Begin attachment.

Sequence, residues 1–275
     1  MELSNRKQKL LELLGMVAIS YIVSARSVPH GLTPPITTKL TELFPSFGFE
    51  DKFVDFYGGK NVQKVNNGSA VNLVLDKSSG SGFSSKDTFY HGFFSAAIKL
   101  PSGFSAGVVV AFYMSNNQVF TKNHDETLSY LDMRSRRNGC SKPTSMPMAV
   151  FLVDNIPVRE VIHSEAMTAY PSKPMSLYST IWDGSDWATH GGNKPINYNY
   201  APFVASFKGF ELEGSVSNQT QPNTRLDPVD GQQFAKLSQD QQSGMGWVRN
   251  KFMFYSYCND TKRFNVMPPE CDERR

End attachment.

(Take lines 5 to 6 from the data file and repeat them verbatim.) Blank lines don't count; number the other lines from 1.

   151  FLVDNIPVRE VIHSEAMTAY PSKPMSLYST IWDGSDWATH GGNKPINYNY
   201  APFVASFKGF ELEGSVSNQT QPNTRLDPVD GQQFAKLSQD QQSGMGWVRN